There is a lot to be said for Honjozo. It tends to be light and fragrant and can be exceedingly smooth. I was ecstatic with the first honjozo I tried. It was the Murai Family Tokubetsu Honjozo, light and smooth, fragrant but disappeared like a ghost. Very nice. Since then I have had other honjozos but this one remains one of my favorites.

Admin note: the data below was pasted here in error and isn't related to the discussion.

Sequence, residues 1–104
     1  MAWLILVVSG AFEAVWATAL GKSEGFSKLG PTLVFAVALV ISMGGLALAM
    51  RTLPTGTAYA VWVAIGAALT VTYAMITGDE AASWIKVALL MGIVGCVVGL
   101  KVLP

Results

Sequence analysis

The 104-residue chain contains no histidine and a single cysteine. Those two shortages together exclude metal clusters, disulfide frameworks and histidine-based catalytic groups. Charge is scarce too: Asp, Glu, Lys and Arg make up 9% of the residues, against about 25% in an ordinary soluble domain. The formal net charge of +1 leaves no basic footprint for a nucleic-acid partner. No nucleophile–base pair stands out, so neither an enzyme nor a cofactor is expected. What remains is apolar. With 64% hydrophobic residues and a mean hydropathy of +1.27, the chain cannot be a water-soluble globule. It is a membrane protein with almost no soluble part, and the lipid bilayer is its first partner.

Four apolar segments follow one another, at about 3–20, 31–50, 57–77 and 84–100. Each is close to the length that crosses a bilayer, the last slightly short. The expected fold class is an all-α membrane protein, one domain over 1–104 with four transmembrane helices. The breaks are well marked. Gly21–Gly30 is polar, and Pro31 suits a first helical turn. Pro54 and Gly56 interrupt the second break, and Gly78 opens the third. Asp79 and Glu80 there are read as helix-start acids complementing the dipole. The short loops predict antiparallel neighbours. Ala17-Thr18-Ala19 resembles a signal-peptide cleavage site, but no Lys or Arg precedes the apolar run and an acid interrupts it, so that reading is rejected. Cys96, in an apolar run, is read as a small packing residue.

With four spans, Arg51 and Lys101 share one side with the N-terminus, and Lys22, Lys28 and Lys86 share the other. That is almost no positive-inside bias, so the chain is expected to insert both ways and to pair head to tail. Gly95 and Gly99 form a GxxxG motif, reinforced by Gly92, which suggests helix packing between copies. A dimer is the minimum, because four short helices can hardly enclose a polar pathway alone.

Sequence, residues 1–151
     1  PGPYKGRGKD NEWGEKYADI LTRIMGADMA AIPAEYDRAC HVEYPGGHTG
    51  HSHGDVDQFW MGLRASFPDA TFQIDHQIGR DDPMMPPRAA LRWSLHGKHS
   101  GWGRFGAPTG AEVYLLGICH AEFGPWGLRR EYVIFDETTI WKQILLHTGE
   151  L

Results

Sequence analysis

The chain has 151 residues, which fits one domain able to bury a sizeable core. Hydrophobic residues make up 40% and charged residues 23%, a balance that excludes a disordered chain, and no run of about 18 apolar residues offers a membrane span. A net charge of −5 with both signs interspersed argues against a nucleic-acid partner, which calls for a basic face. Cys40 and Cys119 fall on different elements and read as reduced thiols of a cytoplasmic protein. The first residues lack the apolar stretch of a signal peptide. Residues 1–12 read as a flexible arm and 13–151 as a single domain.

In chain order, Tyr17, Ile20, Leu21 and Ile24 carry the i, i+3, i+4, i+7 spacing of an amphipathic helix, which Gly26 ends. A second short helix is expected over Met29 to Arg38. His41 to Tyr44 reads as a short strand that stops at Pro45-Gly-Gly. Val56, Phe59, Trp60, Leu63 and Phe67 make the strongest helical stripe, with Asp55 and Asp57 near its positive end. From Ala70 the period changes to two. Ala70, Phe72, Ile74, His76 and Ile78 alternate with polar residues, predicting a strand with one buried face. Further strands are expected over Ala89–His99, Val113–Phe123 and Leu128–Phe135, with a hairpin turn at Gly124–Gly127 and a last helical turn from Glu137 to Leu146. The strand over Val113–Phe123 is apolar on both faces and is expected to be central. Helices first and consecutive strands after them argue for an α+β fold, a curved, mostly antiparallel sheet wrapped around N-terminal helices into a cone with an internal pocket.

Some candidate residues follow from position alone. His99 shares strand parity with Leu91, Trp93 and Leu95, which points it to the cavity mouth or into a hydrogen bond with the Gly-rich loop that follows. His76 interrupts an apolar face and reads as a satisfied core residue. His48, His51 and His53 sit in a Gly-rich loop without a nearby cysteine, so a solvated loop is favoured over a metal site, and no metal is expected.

Honjozo is a Special Designation Sake just as Junmai, Junmai Ginjo and Junmai Daiginjo. In fact Ginjo and Daiginjo without the Junmai designation are both honjozo. You can think about these special designation sakes as having three grades of Junmai (pure) and three parallel grades of Honjozo (brewer’s alcohol added). The top rung, Daiginjo, is one where the rice used has been milled to 50% or less with one pure and the other with added alcohol. The next rung, Ginjo, is with the rice milled to 60% or less with one pure and the other with added alcohol. Finally the entry rung to the special designation sake is Junmai (pure) and Honjozo (brewer’s alcohol added). When this system was put in place, to make this entry rung, the rice used had to have been milled to 70% or less. While this is still true for Honjozo, the milling requirement has been remove for Junmai. Continue reading “So you like the Honjozo (本醸造)”